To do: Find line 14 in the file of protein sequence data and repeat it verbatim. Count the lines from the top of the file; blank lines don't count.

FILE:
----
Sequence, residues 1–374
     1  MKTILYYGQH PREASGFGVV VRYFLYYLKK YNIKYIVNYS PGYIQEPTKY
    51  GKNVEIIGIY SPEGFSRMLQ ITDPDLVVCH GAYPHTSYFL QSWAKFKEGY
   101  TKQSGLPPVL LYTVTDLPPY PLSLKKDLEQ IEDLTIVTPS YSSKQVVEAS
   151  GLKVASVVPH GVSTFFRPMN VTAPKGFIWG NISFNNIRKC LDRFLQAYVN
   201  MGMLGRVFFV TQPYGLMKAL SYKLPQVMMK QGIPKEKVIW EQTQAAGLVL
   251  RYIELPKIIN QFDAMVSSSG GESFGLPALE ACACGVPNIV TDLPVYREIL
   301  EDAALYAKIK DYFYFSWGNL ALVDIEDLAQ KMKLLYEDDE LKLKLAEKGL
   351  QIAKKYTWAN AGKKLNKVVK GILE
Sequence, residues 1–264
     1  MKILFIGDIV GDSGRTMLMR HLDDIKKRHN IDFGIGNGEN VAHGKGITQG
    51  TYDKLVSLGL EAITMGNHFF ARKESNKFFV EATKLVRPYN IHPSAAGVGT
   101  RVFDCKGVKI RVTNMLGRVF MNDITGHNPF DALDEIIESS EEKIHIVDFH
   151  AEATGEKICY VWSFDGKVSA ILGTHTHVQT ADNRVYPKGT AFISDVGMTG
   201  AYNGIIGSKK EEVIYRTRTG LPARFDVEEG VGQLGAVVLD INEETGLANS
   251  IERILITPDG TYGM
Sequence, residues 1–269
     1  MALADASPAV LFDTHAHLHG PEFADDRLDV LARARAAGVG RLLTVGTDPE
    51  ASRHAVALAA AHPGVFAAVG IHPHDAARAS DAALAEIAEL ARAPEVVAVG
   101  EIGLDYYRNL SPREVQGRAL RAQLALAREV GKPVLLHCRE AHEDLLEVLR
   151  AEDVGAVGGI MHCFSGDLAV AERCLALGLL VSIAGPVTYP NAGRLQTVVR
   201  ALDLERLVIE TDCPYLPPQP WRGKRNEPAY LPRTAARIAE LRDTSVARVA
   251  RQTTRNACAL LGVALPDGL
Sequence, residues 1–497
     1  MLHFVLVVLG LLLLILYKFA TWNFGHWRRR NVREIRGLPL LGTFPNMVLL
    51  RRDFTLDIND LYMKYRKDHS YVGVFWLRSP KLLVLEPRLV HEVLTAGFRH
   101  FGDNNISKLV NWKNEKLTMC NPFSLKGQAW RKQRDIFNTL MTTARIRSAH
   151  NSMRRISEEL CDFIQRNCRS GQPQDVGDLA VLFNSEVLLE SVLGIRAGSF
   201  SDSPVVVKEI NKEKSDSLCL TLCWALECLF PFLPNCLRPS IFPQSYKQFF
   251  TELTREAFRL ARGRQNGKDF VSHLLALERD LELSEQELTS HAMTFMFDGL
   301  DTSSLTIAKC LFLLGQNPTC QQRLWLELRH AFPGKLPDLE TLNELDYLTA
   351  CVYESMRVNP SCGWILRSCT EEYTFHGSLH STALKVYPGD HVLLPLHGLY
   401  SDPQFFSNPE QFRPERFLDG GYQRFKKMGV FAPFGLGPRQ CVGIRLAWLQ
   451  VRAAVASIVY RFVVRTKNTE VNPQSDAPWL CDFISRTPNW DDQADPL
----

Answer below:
   151  AEATGEKICY VWSFDGKVSA ILGTHTHVQT ADNRVYPKGT AFISDVGMTG